Sunshine in the BVI

04 May 2016

Gone are the dark clouds that passed us by on the weekend and the blue skies and hot sunshine are back in Nanny Cay.  It seems like everyone is keen to be here as by early this morning we had all but 2 of the rally boats here already, so 42 boats in Nanny Cay all with their rally flags flying & creating a great atmosphere.  The program has been keeping everyone busy and today was no exception with a morning of safety demos.

First up on the breakwater we had a flare demo which included running through the 3 types of flares that WCC requires that each boat carry onboard:  Parachute (red rocket) flares, red handheld flares and orange smokes.  Apart from the rocket flares we were able to demo each flare on how many you should have, how they should be stored and correctly handled with gloves and goggles to safely set them off.  We then gave instruction to any participants that would like to fire off some flares, and for many this was their first try.  Others have done courses before but you always learn something new...interestingly orange smoke flares, considered a day signal, could if needed be used at night as we have learnt that the rescue helicopters have thermal imaging cameras and will notice a 1 degree temperature difference so the orange cloud of smoke appears as a white blob on their screens.

Shortly after everyone headed over to the swimming pool for the liferaft demo.  This was a chance to see an inflated raft, talk through some of the key features and with some willing volunteers practice a dry boarding, wet boarding and re-righting a capsized raft.  The best case scenario is a dry boarding (entering the raft directly from the vessel) which avoids the dangers of hypothermia and losing someone.  A wet boarding entails the crew entering the water first and then the raft.  We also demonstrated the items we are looking for on each lifejacket: whistle, light, reflective tape, sprayhood, crotch straps and also that the quick release double tether is correctly attached.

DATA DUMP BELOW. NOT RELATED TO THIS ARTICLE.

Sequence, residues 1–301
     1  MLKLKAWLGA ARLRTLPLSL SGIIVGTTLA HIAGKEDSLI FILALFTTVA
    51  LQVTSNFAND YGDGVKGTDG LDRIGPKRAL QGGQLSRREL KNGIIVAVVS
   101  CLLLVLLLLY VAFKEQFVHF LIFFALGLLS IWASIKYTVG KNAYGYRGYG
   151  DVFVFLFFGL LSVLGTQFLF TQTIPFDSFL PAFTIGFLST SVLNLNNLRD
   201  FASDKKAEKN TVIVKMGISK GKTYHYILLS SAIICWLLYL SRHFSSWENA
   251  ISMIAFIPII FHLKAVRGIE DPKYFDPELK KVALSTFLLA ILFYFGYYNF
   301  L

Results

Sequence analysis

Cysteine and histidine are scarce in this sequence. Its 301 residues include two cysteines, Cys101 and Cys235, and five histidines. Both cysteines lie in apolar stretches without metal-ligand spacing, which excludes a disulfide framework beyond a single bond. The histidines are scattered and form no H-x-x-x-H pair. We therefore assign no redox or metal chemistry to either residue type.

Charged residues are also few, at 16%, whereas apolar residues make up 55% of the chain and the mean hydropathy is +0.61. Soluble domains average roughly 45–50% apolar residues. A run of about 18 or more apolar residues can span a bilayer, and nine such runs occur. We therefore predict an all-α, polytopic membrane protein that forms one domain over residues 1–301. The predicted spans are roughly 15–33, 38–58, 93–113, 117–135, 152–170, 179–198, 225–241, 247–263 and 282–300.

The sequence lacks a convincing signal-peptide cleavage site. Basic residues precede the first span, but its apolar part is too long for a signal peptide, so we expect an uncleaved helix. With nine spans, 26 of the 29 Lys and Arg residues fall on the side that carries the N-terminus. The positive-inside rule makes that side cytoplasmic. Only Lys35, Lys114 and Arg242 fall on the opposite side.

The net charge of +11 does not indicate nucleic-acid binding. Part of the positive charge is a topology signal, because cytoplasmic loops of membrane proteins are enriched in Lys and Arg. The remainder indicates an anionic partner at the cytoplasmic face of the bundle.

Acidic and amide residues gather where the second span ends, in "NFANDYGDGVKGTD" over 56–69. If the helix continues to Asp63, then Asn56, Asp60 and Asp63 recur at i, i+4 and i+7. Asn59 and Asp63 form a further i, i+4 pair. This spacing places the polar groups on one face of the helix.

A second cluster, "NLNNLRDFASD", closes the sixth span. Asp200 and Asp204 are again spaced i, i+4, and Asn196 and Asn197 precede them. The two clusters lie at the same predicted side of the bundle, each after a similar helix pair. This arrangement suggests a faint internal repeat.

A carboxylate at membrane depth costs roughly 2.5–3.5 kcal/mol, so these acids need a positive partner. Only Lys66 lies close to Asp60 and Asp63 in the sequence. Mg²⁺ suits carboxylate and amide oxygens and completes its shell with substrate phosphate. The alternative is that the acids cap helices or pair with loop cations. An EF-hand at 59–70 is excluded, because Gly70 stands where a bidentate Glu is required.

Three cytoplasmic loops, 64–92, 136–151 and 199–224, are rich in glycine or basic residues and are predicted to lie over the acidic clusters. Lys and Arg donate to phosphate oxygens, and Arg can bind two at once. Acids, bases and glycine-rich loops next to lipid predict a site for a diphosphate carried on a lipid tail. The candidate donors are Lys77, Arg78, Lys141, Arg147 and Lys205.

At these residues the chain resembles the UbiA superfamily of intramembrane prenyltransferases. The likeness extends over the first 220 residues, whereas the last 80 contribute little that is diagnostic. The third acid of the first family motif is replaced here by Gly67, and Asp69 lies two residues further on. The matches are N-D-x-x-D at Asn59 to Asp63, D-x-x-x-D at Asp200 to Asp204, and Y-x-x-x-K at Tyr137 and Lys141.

Once all 6 crew were inside the raft we identified the 4 steps:

Cut - Cut the painter, be aware not to cut too early, maybe it is better to stay attached to the vessel

Stream - Stream the drogue, to maintain stability and keep you closer to the point of initial emergency

Close - Close down the raft

Maintain - Maintain the crew and raft, treat casualties, bail out etc

A lot of information to cover but a very beneficial morning for both new and experienced crews and hopefully everyone took a little something away with them - not just the bad taste of the liferaft "food"!!

Up in Portsmouth, Virginia we opened the rally office at Ocean Marine Yacht Center for the 3 boats starting from the USA, so welcome to Blue Mist, the smallest boat in the fleet (Pearson Vanguard 32), First Light and Merlyn of Poole.  They are being taken care of by Andy and Mia and will have time to enjoy the city before sailing to join the bulk of the fleet in Bermuda.  We also have 2 boats making their own way to Bermuda, so safe sailing to Mariposa coming from Florida and Mimosa coming up from Nassau. 

Back in Nanny Cay we have a pretty casual volleyball match starting shortly, although the One Mart supermarket (where boats will be provisioning tomorrow) is bringing a team of guys down to challenge the ARC crews - so watch out it could be interesting!  The spectactors will be cheering on from the Beach Bar, why not check us out on the Nanny Cay webcams